This is joint work with Peter Schodl and Kevin Kofler, also from Vienna. We are currently working towards the creation of an automatic mathematical research system that can support mathematicians in their daily work, providing services for abstract mathematics as easily as Latex provides typesetting service, the arXiv provides access to preprints, Google provides web services, Matlab provides numerical services, or Mathematica provides symbolic services.
    This is partly a vision, expected to take 50 man years to bring a system far enough that it will grow by itself in a wikipedia-like fashion. A limited part of the goals are being realized through the project ``A modeling system for mathematics'' (MoSMath), currently supported by a grant of the Austrian Science Foundation FWF.
    Within this project, we attempt to create a modeling and documentation language for conceptual and numerical mathematics called FMathL (formal mathematical language), suited to the habits of mathematicians.
    The goal of the FMathL project is to combine
    -- the advantages of LaTeX for writing and viewing mathematics,
    -- the user-friendliness of mathematical modeling systems such as AMPL for the flexible definition of large-scale numerical analysis problems,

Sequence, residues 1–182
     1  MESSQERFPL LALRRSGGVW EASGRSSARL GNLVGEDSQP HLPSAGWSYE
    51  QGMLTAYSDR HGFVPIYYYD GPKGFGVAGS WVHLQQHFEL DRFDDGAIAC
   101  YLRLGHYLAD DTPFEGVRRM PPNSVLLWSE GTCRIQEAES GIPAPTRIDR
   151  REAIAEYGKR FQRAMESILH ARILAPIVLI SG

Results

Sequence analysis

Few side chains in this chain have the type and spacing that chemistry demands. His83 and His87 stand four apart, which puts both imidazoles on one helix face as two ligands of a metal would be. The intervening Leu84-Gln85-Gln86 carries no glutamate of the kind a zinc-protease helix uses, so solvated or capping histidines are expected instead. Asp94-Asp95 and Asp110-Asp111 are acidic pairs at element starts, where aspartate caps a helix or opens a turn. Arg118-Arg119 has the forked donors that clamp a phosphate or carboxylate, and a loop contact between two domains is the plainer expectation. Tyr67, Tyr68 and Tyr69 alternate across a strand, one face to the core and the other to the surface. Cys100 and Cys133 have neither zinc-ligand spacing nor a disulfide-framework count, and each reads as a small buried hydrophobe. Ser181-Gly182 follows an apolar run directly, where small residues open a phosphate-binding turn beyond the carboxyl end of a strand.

-- the universality of the common mathematical language to describe completely arbitrary problems,
    -- the high-level discipline of the CVX system for solving convex programming problems and enforcing their semantic correctness, and
    -- the semantic clarity of the Z notation for the precise specification of concepts and statements.

    We believe that this goal is reachable, and that an easy-to-use such system will change the way mathematical modeling is done in practice.
    The project complements efforts for formalizing mathematics from the computer science and automated theorem proving perspective. In the long run, the FMathL system might turn into a user-friendly automatic mathematical assistant for retrieving, editing, and checking mathematics in both informal, partially formalized, and completely formalized mathematical form.

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    Last changed November 26st 2009